Initially attributed to Pier Francesco Fiorentino (Florence 1444/45 – 1497) the work has been assigned, together with others, to an unknown Florentine artist using the name Pseudo Pier Francesco Fiorentino (Perkins 1928; Berenson 1932). It is hypothesised that this artist, active in Florence in the second half of the fifteenth century, may have offered high quality paintings derived from the compositions of Filippo Lippi and of Pesellino, in this particular case destined for domestic devotional use, given the presence of the wooden tabernacle and the small dimensions. A production that was therefore aimed at the nobility such as that present in Anghiari in the second half of the fifteenth century. The work is closely derived from a Madonna and Child, St.John and angels by the artist Francesco di Stefano, known as Pesellino, dating around 1455, which is now the property of the Toledo Museum of Art in Toledo (USA). To demonstrate the success of Pesellino’s composition we would mention as examples two other very similar versions attributable to Pseudo Pier Francesco, one of which is in the Metropolitan Museum of Art in New York (USA).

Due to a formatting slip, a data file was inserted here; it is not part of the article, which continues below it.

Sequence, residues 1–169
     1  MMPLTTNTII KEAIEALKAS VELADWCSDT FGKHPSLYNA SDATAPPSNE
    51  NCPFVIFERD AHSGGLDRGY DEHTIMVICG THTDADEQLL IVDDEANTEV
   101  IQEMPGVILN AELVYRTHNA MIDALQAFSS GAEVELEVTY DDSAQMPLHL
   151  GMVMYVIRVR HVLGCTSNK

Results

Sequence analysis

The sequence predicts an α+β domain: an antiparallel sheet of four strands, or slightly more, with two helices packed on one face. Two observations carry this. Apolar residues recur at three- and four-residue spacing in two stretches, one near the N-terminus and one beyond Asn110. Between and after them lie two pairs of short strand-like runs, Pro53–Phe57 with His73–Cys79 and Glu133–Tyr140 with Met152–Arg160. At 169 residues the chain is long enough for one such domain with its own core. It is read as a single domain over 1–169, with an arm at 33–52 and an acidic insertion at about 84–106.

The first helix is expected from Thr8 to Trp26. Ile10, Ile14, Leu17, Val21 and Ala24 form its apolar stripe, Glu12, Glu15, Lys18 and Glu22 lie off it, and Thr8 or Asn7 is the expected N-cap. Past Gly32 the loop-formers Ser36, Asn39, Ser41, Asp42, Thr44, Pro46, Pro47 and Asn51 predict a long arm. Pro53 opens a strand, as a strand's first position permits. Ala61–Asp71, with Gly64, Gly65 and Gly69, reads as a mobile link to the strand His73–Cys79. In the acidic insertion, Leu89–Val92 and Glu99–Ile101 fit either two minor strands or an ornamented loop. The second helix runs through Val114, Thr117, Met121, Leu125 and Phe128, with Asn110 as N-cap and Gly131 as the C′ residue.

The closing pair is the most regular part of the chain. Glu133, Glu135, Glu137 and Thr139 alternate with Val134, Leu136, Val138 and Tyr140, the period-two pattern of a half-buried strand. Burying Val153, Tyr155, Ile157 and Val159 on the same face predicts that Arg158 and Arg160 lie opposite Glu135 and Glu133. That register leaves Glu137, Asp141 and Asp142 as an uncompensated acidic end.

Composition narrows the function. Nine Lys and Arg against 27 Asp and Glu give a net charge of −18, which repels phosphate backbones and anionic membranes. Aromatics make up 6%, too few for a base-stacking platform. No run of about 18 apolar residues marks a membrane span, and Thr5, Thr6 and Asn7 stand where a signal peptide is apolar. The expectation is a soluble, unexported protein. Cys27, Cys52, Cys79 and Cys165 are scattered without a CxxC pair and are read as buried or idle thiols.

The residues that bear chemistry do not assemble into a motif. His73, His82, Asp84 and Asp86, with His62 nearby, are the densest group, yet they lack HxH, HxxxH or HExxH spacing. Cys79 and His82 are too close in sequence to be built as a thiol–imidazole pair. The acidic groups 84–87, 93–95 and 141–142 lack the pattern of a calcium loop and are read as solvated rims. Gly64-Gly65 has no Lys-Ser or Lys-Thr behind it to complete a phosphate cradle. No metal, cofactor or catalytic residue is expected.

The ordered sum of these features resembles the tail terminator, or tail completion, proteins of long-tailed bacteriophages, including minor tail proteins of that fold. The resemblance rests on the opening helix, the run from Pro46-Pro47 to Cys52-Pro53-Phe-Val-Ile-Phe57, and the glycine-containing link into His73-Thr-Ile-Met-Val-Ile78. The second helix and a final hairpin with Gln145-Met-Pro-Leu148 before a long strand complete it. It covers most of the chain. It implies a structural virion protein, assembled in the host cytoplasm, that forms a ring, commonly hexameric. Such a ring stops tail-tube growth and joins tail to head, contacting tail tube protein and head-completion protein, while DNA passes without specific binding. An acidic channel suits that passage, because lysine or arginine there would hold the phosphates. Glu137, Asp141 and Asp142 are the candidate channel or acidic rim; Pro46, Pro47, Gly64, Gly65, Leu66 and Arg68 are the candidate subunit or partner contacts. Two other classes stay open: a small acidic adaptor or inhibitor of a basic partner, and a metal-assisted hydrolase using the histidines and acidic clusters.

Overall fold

Pseudo Pier Francesco Fiorentino
(Florence, second half of the 15th century)
Virgin and Child, St. John and angels
Tempera on wood
84 x 64,5 cm (with frame 156 x 104,5 cm)
Along the base: AVE MARIA GRATIA PLENA
On the reverse: A dì 24 settembre 1459 / f. op… a dì 29 luglio
Le Gallerie degli Uffizi
Courtesy of the Ministry of Culture – Le Gallerie degli Uffizi.
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